6.1 Quasi-equilibrium and semi-analytic methods vs fully dynamical results

Before reviewing fully dynamical calculations of NS-NS mergers, it is worthwhile to ask how much information can already be deduced from QE calculations, which may be performed at much smaller computational cost, as well as from semi-analytic PN treatments and related approximate techniques. Clearly, the details of the merger and ringdown phases fall outside the QE regime, so only dynamical calculations can yield reliable information about the stability of remnants, properties of ejecta, or other processes that arise during the merger itself or in its aftermath. Thus, the primary point of comparison is the GW signal just prior to merger, which is also easier to detect (for first and second generation interferometers).

The strength of QE calculations lies in their ability to model self-consistently finite-size effects not captured in PN treatments (which always assume two orbiting point masses). The increased tidal interaction between the objects typically results in a more rapid phase advance of the binary orbit, which is important for constructing template waveforms that cover the entire NS-NS inspiral, merger, and ringdown. While QE sequences potentially offer a wealth of information about well-separated binaries and can help fix the phase evolution of the inspiraling binary, they do have two weaknesses arising as the binary approaches the stability limit. First, most QE methods, including the CTS formalism described in Section 4.2.1, are time-symmetric, and assume that the NS possess a symmetry plane perpendicular to the direction of motion (i.e., a front-back symmetry whose axis is perpendicular to the orbital angular momentum and the binary separation vector). In reality, tidal lags develop prior to final plunge, with the innermost edge of each NS rotating forward and the outer edge backwards. This effect has been captured in analytic and semi-analytic approaches (see, e.g., [159] for an early example), and is clearly seen in dynamical calculations (see Figure 3View Image), but is not captured in CTS-based schemes (tidal lags also develop in BH-NS merger calculations when the BH has a non-zero spin, since this breaks the front-back symmetry; see [300] for an example).

A second weakness of QE methods is the treatment of the ISCO, particularly its importance as a characteristic point along an evolutionary sequence that, in theory, could encode information about the NS EOS. Simple estimates of the infall trajectory derived solely from QE sequences predict a very sudden and rapid infall near the ISCO, i.e., the point where the binding energy reaches a minimum along the sequence (see, e.g., the argument in [98]). However, this is clearly an oversimplification. In reality, binaries transition more gradually to the merger phase, and the inward plunge may occur significantly before reaching the formal ISCO; this in turns leads to more rapidly growing deviations from the QE approximation. Looking at the GW energy spectrum, one typically sees minor deviations from the point-mass predictions at frequencies below those characterizing the ISCO, but substantially more power at frequencies above it. Equivalently, the cutoff frequency for GW emission f cut, where the spectrum starts deviating strongly from the point-mass prediction, is usually higher than the QE frequency near the ISCO, fISCO, while simple QE estimates assume these two frequencies to coincide.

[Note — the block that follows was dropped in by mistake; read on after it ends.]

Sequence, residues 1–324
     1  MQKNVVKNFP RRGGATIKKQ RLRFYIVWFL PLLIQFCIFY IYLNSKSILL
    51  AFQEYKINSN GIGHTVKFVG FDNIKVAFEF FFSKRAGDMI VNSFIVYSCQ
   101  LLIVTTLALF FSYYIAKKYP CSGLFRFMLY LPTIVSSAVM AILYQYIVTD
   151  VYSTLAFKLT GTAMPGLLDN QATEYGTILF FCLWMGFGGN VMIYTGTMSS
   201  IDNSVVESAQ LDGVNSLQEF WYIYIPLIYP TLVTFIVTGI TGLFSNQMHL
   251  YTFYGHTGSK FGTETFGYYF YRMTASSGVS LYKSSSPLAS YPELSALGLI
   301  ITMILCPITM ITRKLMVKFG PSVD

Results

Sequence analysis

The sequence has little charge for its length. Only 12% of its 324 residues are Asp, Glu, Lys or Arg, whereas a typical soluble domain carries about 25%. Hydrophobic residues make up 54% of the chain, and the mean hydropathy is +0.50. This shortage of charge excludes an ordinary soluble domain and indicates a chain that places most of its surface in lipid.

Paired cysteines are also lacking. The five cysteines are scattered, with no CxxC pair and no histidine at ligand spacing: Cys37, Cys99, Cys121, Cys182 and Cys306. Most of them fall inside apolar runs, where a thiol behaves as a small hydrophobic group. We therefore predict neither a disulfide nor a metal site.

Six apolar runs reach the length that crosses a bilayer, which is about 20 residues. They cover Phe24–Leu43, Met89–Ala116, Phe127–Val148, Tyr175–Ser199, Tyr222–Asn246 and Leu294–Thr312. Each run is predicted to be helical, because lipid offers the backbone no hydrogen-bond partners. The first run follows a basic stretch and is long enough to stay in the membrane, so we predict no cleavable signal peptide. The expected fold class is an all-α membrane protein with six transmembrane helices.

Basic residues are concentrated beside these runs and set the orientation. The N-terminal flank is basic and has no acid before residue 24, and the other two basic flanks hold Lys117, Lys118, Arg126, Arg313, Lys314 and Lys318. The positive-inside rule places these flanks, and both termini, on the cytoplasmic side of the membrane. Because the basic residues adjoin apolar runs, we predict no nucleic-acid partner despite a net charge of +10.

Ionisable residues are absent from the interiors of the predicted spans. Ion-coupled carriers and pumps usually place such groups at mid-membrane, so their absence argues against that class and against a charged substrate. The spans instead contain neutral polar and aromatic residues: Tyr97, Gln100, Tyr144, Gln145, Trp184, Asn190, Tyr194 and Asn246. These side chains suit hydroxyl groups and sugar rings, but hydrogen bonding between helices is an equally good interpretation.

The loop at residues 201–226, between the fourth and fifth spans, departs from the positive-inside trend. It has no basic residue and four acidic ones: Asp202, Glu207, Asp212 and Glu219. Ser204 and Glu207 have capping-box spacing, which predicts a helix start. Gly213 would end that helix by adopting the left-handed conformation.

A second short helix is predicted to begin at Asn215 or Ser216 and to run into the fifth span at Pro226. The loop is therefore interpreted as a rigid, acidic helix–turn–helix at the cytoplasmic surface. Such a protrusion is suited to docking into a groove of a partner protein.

To date, most attempts to generate waveforms extended back to arbitrarily early starting points involve numerically matching PN signals, typically generated using the Taylor T4 approach [53], onto the early stages of numerically generated waveforms, with some form of maximum overlap method used to provide the most physical transition from one to the other. These approaches may be improved by adding tidal effects to the evolution, typically parameterized by the tidal Love numbers that describe how tidal gravity fields induce quadrupole deformations [105]. Tidal effects can be placed into a relativistic framework [46, 74], which may be included within the effective one-body (EOB) formalism to produce high-accuracy waveforms [75]. In the EOB approach [58], resummation methods are used to include higher-order PN effects, though some otherwise unfixed parameters need to be set by comparing to numerical simulations.

Work is in its early stages to compare directly the GW spectra inferred from QE sequences of NS-NS binaries with those generated in numerical relativity simulations, but this comparison has been discussed at some length with regard to BH-NS mergers. Noting that NS-NS mergers generally correspond more closely to the BH-NS cases in which an ISCO is reached prior to the onset of tidal disruption, the KT collaboration  [283Jump To The Next Citation Point, 276Jump To The Next Citation Point] concluded that the cutoff frequency marking significant deviations from PN point-mass behavior is roughly 30% higher than that marking emission near the classical ISCO for BH-NS systems (fcut ≃ 1.3fISCO).

A more detailed study has now been performed comparing EOB methods to numerical evolutions. By comparing to long-term simulations of NS-NS mergers, Baiotti et al. [15Jump To The Next Citation Point] find that EOB models may be tuned, via careful choices of their unfixed parameters, to reproduce the GW phases and amplitudes seen in NR evolutions up until the onset of merger. They further suggest that the EOB approach seems to cover a wider range of phase space than the Taylor T4 approach, presumable because of a more consistent representation of tidal effects, and offers the best route forward for construction of more accurate NS-NS inspiral templates.


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